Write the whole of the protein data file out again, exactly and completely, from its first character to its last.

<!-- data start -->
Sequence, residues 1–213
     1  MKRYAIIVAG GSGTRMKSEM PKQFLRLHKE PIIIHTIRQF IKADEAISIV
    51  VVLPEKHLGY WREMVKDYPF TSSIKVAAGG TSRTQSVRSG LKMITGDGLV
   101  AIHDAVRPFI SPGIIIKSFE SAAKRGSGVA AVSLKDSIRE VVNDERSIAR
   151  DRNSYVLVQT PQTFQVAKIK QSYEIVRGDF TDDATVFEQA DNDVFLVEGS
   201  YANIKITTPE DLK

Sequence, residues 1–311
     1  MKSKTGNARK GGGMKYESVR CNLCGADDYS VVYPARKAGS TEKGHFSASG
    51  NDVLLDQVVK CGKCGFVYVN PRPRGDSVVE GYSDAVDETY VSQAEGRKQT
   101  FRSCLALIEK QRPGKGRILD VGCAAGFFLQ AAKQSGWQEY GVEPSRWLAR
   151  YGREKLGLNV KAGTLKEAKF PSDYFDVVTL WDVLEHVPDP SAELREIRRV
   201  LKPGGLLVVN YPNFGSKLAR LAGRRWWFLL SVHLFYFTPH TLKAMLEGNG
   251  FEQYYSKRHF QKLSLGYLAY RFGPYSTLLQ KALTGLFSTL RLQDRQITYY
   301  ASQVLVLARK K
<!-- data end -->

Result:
Sequence, residues 1–213
     1  MKRYAIIVAG GSGTRMKSEM PKQFLRLHKE PIIIHTIRQF IKADEAISIV
    51  VVLPEKHLGY WREMVKDYPF TSSIKVAAGG TSRTQSVRSG LKMITGDGLV
   101  AIHDAVRPFI SPGIIIKSFE SAAKRGSGVA AVSLKDSIRE VVNDERSIAR
   151  DRNSYVLVQT PQTFQVAKIK QSYEIVRGDF TDDATVFEQA DNDVFLVEGS
   201  YANIKITTPE DLK

Sequence, residues 1–311
     1  MKSKTGNARK GGGMKYESVR CNLCGADDYS VVYPARKAGS TEKGHFSASG
    51  NDVLLDQVVK CGKCGFVYVN PRPRGDSVVE GYSDAVDETY VSQAEGRKQT
   101  FRSCLALIEK QRPGKGRILD VGCAAGFFLQ AAKQSGWQEY GVEPSRWLAR
   151  YGREKLGLNV KAGTLKEAKF PSDYFDVVTL WDVLEHVPDP SAELREIRRV
   201  LKPGGLLVVN YPNFGSKLAR LAGRRWWFLL SVHLFYFTPH TLKAMLEGNG
   251  FEQYYSKRHF QKLSLGYLAY RFGPYSTLLQ KALTGLFSTL RLQDRQITYY
   301  ASQVLVLARK K